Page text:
Saturday, December 02, 2006

The Other Side of Hugo Chavez

Hugo Chávez played into American caricatures with his anti-Bush campaign at the UN, but it bothered me in the aftermath of the speech to hear certain US officials and commentators refer to him as some sort of tyrant or dictator. We would do well to recall the he is, in fact, wildly popular in Venezuela. Current polls have him beating his opponent in tomorrow's election by a 2-1 margin. Like most South American countries Venezuela suffers from an immensely unequal division of wealth (the article cites one claim that the poverty rate in Venezuela is 70%). Chávez has redirected oil wealth to provide education, health care, and basic sustenance for the nation's many impoverished citizens. It's far from clear whether Chávez's policies will accomplish much in the long term, but he has at least taken steps to address the problem, which itself represents a change from past leadership.

In posts past I've wondered what is the proper means to address the lingering impacts of colonialism in South America and other developing regions. Even a hardened libertarian like Nozick calls for redistributive policies where an allocation of resources was achieved through means not consonant with Lockean justice in acquisition. Until the recent wave of populist leaders was elected in South America redistribution of this sort was likely impossible as the wealthy by and large controlled the levers of power. Now that it is possible, the West and the international development institutions (the UN, IMF, World Bank) appear to have little interest in providing assistance, guidance, and advice in this process. This sort of pure redistribution is heretical to modern economic principles, but I think we need to recognize these situations as a special case, one where the general principles don't apply well (which is why all these populist leaders were elected in the first place). I don't know if what Chávez is doing is right, but if it's not I wish we could respond with constructive criticism rather than blanket condemnations...


Henry said...

I certainly have no sympathy for Chavez. His government took control of an admittedly weak economy, but since their arrival they have utterly destroyed what was there. Since Chavez was elected price levels in Venezuela have risen by 376%. Oil production is down even though prices for oil have more than quadrupled. Unemployment, inequality, and economic instability remain high. Allegations of corruption, censorship, political violence etc. abound. Chavez seem to me to be a corrupt, dictatorial, demagogue.

That being said, I agree that we ought to interact with other nations in a more open fashion. Chavez makes a difficult example in that he calls our president satan and takes every possible oppotunity to publicly cajole other leaders and power groups into doing everything possible to harm the U.S. I am not suggesting that there isn't some element of justifiable grievance underlying his anti-U.S. agenda, I'm just saying that it is politically difficult to be open and friendly with people like Chavez. I certainly would oppose actually giving him material support (since I percieve him as being anti-human rights, anti-democracy, corrupt, etc.).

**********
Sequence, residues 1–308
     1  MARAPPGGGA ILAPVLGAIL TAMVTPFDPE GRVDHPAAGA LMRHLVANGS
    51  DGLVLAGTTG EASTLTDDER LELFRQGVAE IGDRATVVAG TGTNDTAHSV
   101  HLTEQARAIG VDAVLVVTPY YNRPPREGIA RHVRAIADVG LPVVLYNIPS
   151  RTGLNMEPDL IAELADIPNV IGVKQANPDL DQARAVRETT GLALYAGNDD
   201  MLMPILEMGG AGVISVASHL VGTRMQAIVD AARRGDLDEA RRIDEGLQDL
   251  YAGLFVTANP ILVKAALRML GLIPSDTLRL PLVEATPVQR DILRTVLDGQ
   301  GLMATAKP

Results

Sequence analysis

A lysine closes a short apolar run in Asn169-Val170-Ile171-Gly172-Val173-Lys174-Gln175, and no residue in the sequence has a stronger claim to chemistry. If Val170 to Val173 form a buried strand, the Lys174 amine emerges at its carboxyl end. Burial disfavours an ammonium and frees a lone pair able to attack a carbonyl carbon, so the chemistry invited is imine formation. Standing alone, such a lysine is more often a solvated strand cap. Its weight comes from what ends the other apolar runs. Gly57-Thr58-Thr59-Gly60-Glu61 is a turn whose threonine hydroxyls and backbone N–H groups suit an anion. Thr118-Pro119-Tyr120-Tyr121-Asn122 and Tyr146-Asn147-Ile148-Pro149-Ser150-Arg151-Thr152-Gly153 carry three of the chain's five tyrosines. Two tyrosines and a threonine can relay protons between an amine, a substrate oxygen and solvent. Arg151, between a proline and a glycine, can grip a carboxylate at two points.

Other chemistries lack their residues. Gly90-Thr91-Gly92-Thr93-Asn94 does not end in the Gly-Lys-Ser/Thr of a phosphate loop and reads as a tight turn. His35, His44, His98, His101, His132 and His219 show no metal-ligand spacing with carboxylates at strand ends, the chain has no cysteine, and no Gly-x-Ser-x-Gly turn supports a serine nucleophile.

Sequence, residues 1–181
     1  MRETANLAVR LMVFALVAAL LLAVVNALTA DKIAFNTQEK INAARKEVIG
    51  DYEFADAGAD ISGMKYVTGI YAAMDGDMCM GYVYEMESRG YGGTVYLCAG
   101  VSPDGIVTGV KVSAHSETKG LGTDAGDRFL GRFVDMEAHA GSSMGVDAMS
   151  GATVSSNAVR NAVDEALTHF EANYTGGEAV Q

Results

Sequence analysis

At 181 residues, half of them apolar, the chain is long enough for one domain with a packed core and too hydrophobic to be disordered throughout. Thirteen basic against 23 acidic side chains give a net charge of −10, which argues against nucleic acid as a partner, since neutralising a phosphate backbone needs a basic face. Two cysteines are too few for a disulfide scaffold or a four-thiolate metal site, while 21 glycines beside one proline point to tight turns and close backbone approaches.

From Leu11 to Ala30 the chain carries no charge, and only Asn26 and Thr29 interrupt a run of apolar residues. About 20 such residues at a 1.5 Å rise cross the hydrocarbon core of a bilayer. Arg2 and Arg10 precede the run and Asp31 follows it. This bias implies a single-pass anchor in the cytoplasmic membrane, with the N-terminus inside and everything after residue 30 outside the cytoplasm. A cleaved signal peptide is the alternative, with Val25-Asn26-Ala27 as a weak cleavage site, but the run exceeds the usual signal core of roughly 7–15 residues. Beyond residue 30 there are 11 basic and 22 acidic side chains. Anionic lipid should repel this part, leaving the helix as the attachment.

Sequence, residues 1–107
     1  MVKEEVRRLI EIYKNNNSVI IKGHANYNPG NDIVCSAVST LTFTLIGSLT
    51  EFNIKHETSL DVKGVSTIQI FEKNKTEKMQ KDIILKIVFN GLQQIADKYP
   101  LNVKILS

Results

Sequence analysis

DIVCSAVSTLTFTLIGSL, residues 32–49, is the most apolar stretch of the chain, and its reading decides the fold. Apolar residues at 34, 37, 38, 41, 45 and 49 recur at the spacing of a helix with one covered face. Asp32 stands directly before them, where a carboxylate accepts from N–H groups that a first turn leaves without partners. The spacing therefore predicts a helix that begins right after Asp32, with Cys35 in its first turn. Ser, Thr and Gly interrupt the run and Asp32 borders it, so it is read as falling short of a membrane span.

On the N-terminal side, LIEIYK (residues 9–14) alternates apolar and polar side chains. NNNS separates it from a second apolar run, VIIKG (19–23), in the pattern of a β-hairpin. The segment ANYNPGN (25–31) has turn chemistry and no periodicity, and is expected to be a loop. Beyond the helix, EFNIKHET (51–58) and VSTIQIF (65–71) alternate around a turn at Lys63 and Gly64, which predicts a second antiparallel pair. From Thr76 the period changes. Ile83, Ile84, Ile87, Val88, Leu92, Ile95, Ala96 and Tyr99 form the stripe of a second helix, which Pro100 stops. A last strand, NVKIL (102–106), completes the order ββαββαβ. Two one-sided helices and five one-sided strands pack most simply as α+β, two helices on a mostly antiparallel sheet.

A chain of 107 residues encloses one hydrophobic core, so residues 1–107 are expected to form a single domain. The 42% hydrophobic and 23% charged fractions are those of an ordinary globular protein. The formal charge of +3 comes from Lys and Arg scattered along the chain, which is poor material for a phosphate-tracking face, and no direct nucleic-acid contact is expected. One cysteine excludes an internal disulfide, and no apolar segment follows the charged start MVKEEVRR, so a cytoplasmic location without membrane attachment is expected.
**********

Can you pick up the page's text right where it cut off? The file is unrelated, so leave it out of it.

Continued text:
Anyway, what I'm trying to say is that we ought to interact openly with regimes around the world promoting greater political and economic freedom. We are unecessarily fearful of socialism. I sincerely believe that it is a system which results in declining standards of living for everyone who lives under it. So we might as well let people try it and just struggle to preserve such people's access to free information (so that if they change their minds they are still in a position to change their direction). Honestly, I think that our cloak and dagger approach to blocking the spread of socialism is counter productive. We have nothing to fear. The cold war was totally unecessary. All we had to do was offer our protection to any countries who feared communist hostillity and go about our business. The very act of becoming communist takes a nation out of the global power game (in the long run). We panick and violate our own principles everytime one of our enemies shoots themselves in the foot (by adopting ineffectual economic policies).It's nonsensical. The fight against totalitarianism is a battle for hearts and minds. All we have to do is present a consistently free and open alternative and I think that the people of the world will recignize which is supperior. We compromise the image of freedom every time we compromise the reality of freedom with our policies.

Joe said...

My point, I guess, is that Chávez may very well be incompetent (he's never struck me as a policy wonk, to be sure), but Chávez and others like him will continue to be elected if the alternatives are IMF-style market idealogues who are unwilling to address the absurdly unfair current allocation of resources (the colonial legacy). These guys are popular, and not without some reason. South America already tried to take the short and direct route to free and open markets and it didn't work out so well. Unless the Western nations and institutions are willing to embrace the need for an initial redistribution of some sort and a more gradual road to the desired market policies, we'll be stuck with Chávez (and Lula and Evo Morales and Daniel Ortega, etc.) and whatever schemes they cook up.